Mature Multifamily Market Lures New Business
On the heels of two Q3 DFW-area multifamily acquisitions, Atlanta-based Cortland Partners likes the economic mix of the major Texas markets so much that the firm set up a regional office (which opened on Friday under Nick Wilhelmson's leadership) in Dallas. Cortland chief investment officer Mike Altman tells us that Dallas was a good choice because there's a good balance of new supply and existing product. Plus, it's a mature market that's often proved to be an investors' market. There's a bit more liquidity in the major Texas markets over smaller tertiary markets throughout the Sunbelt, he says. Cortland owns 12 properties in Texas with half in Dallas and half in Houston.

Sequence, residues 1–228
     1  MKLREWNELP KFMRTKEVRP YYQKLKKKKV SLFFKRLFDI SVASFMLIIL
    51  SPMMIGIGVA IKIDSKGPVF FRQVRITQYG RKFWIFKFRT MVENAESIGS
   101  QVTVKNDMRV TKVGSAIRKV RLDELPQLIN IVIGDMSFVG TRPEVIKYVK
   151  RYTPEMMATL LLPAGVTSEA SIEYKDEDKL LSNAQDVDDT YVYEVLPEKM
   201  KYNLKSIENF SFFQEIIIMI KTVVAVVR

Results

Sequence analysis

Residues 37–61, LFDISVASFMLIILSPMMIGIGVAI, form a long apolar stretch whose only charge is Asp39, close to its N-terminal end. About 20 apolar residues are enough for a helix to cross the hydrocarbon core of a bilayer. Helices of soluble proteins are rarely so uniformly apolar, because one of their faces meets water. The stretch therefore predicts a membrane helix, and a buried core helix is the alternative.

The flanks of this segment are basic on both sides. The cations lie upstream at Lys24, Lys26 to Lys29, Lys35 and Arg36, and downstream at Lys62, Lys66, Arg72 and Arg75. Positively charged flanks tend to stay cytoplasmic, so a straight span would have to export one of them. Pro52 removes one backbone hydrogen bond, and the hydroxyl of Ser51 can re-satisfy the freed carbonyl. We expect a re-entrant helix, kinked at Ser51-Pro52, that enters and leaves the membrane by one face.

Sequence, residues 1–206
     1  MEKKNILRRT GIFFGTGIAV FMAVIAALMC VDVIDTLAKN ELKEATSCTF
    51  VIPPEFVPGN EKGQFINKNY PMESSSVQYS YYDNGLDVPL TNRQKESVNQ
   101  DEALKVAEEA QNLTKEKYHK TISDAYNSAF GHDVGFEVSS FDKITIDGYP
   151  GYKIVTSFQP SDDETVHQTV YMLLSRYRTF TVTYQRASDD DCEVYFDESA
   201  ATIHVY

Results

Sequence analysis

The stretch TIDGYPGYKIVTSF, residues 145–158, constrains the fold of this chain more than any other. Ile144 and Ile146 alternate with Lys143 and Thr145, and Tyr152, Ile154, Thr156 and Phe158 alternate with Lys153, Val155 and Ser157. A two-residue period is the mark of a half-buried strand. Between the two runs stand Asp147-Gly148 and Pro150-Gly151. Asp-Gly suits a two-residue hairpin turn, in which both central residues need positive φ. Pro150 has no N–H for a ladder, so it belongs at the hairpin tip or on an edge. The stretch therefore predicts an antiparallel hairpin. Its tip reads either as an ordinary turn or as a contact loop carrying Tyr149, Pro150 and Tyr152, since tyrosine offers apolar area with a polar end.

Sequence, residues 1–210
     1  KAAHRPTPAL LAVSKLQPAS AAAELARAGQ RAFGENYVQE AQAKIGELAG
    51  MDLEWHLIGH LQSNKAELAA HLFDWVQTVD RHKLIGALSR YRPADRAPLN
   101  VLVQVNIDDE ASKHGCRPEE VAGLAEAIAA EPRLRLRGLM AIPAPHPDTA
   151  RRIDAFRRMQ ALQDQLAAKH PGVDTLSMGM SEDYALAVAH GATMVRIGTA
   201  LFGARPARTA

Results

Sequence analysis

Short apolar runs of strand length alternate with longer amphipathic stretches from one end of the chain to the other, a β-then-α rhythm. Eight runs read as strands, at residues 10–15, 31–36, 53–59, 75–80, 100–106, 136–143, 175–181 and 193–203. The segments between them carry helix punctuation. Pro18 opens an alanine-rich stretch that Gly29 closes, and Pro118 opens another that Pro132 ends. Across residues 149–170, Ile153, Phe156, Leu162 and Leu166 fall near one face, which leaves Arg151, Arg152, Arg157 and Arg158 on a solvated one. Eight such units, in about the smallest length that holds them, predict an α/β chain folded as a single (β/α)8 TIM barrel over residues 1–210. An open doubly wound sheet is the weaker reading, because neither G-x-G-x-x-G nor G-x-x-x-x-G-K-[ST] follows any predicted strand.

Nick (far left with Cortland Partners CEO Steven DeFrancis, far right) says Cortland closed nearly $300M in Q3 acquisitions including the 304-unit Bristol Oaks in Dallas, the 240-unit Avington Park at Fossil Creek in Fort Worth, and the 312-unit Vizcaya in Houston. The firm was initially formed as an apartment developer, but began aggressively acquiring properties after the Great Recession slammed the brakes on new multifamily construction. The firm has grown to more than 16,000 units. Cortland focuses on acquiring at Class-B and moving it toward Class-A, Nick tells us. He calls the focus opportunistic, sometimes value add, and sometimes just taking over distressed partnerships. (Mickey Mouse refused to comment despite repeated calls to his office.)